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Age-Related Eye Conditions To Know Of

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As we age, so do our eyes. Growing older, you start to notice your body strength reduces. Well, the same happens to our eyes. 

Why is that?

Some changes are driven by heredity, while some are created by unhealthy lifestyles, smoking, unhealthy diets, and destructive behaviours that put our eyes at risk.

Growing older leads to conditions that need to be monitored regularly, and this is where you need to decide that an optician becomes your friend and regular eye examinations become your hobby. 

Here are some eye conditions you need to be aware of: 


Have you ever read a book at arm’s length or squint your eyes while watching a digital screen? That is presbyopia. This condition affects the flexibility of the eye’s lens. This natural stiffening makes focusing on near objects increasingly complex, typically starting around age 40.

To manage Presybyopia, you should get a pair of reading glasses, especially for close-up tasks like reading, sewing or crafting. Bifocal or progressive lenses can offer seamless vision transitions between near and far distances.

More light helps your ageing eyes focus, so you should invest in good reading lamps and consider overhead lighting adjustments.in addition, increase font sizes on your devices and consider apps or settings that enhance screen contrast. We don’t want to stress those eyes much. 


People over the age of 60 are at a high risk of experiencing blindness, and glaucoma is one of the leading causes. It damages the optic nerve, which transmits visual information from your eye to the brain. This damage can gradually lead to vision loss and total blindness if left untreated. 

In a healthy eye, a clear fluid called aqueous humor constantly flows in and out of the eye’s front chamber. This fluid nourishes the eye and maintains a consistent eye pressure known as Intraocular Pressure (IOP). If this drainage system gets blocked or the eye produces too much fluid, it can build up and increase IOP. This elevated pressure can damage the optic nerve, leading to vision loss.

There are several types of glaucoma, each with slightly different causes:

  • Primary open-angle glaucoma is the most common type, and it happens when the drainage channels for the aqueous humor gradually become clogged.
  • Angle-closure glaucoma occurs when the iris (the coloured part of the eye) blocks the drainage channels, causing a sudden and severe increase in IOP.
  • Normal-tension glaucoma is a type of glaucoma that happens even when IOP is within the normal range, but the optic nerve is still damaged.

Symptoms of glaucoma:

Glaucoma is often called the “silent thief of sight” because early stages often have no noticeable symptoms. However, as the disease progresses, you may experience:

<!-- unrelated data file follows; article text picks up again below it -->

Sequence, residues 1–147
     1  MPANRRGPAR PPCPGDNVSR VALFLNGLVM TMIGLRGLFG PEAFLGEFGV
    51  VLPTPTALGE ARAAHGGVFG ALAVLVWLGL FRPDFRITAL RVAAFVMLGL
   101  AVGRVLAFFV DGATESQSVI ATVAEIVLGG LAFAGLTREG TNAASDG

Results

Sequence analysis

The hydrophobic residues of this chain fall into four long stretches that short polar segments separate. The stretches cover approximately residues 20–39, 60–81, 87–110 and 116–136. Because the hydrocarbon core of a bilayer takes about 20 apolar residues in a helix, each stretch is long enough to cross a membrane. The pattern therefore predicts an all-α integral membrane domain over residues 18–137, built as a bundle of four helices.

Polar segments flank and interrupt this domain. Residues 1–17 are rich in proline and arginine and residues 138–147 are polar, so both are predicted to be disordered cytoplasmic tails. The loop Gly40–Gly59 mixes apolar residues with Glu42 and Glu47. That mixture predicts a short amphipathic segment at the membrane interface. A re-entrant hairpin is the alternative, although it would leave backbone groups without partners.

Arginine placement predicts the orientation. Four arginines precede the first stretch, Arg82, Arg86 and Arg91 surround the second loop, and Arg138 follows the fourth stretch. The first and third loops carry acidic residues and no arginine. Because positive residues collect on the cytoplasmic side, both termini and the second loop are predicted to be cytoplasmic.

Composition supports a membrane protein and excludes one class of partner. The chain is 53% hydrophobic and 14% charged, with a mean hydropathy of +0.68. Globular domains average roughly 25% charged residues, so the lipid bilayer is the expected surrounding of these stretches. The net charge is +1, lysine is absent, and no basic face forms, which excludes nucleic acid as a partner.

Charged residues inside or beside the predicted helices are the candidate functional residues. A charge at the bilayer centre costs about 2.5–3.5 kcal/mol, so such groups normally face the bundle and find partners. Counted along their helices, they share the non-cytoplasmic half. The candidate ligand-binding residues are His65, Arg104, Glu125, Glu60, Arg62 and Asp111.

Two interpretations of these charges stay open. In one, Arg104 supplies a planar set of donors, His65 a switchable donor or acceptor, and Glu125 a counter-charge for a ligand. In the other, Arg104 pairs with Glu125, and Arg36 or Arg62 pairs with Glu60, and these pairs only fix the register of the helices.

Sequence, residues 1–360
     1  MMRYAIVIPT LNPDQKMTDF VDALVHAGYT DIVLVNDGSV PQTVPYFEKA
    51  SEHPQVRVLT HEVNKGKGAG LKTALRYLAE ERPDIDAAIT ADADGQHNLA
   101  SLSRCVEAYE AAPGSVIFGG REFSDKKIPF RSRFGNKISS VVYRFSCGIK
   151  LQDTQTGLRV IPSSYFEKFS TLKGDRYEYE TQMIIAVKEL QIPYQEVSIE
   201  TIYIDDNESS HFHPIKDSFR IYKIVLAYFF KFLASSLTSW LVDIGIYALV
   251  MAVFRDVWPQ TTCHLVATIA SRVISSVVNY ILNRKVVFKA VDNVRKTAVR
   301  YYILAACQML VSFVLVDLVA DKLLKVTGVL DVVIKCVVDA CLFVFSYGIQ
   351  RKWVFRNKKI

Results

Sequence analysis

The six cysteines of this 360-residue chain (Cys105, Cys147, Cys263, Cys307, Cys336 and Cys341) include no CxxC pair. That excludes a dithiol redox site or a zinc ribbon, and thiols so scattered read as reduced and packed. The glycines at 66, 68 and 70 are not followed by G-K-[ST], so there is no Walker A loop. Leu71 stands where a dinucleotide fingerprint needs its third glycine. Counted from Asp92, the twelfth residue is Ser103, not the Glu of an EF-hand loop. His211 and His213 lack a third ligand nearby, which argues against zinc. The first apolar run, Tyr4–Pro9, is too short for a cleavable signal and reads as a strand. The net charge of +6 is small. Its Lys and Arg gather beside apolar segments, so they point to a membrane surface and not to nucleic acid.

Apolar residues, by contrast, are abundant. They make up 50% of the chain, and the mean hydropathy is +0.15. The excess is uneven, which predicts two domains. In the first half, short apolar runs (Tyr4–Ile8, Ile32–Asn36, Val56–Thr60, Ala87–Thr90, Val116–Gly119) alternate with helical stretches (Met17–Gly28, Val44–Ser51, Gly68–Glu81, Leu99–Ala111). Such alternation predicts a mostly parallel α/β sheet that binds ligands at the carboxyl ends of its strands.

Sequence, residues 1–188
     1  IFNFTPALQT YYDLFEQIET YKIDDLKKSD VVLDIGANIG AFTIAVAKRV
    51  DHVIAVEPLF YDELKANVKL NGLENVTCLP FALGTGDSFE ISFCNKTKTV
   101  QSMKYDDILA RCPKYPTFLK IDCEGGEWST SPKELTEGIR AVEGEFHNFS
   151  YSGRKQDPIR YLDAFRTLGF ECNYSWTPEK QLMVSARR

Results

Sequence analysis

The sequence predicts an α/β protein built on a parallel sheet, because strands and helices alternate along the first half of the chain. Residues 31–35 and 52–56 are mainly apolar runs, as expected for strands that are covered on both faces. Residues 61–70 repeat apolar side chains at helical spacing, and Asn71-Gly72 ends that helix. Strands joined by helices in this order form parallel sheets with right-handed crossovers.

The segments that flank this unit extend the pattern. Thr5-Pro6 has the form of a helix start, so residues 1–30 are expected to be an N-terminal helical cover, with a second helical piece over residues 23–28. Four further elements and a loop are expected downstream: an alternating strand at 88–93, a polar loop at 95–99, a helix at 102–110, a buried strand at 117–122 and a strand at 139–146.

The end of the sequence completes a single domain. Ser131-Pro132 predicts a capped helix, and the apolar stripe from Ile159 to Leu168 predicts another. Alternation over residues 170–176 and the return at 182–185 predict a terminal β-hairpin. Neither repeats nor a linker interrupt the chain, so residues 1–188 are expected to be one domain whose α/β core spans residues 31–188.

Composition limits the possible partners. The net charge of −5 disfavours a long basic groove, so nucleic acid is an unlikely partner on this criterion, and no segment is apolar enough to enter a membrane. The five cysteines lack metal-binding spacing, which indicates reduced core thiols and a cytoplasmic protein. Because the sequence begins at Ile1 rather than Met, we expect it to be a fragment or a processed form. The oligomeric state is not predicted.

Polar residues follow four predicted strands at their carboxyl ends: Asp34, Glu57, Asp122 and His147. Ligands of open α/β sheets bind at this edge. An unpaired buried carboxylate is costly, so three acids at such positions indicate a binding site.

• Patchy vision loss, especially in your peripheral vision.
  • Tunnel vision is where you lose side vision and only see what’s directly in front of you.
  • Blurred vision.
  • Halos around lights.
  • Eye pain (in some cases)


Cataracts cloud the eye’s lens, often described as looking through a foggy window. This clouding gradually impedes light transmission, causing blurry vision, glare sensitivity, and decreased night vision. While cataracts are a natural part of ageing, their development can be accelerated by UV exposure, smoking, and certain medical conditions.

How do you manage cataracts?

Cataracts may begin forming as early as 50, but most people don’t require surgery until their late 60s or 70s. Regular eye exams are crucial for early cataract detection and treatment planning. You can help prevent cataracts by taking vitamin C and decreasing exposure to wind and the sun’s UV rays by wearing sunglasses (preferably brown polarised lenses) and hats.

However, a patient with a cataract can get a cataract surgery done. It is a safe and effective procedure that removes the clouded lens and replaces it with a clear artificial lens called an intraocular lens (IOL). However, surgery is only recommended when cataracts interfere with your daily activities and significantly impact your quality of life. So, make sure you see your optician for advice.

Age-related macular degeneration (AMD)

Age-related macular degeneration (AMD) affects the macula, the central part of the retina responsible for sharp, detailed vision. This condition can cause blurred central vision, distorted images, and difficulty recognising faces. There are two main types of AMD: dry and wet.

Managing AMD:

Early detection and monitoring are crucial for managing AMD progression. Adopting a healthy lifestyle and stopping smoking- doesn’t kill the lungs but the eyes too. Eating a balanced diet rich in antioxidants and regular exercise can slow the progression of AMD. 

In addition, magnifying devices, special lighting, and other tools can help maximise remaining vision.

Remember: While age-related vision changes are inevitable, they don’t have to dim your outlook on life. By understanding these common conditions and adopting proactive management strategies, you can navigate the inevitable adjustments and maintain a sharp vision well into your golden years.

Tips for healthy eyes:

  • Schedule regular eye exams with Oakes Opticians for early detection and intervention, which are key to managing all eye conditions.
  • Maintaining a healthy lifestyle by eating a balanced diet, exercising regularly, and managing stress can all contribute to good eye health.
  • Protect your eyes from the sun: Wear sunglasses that block UVA and UVB rays year-round.
  • Don’t smoke: Smoking is a major risk factor for many eye diseases, including cataracts and AMD.
  • Be proactive: Talk to your doctor about any vision changes you experience.

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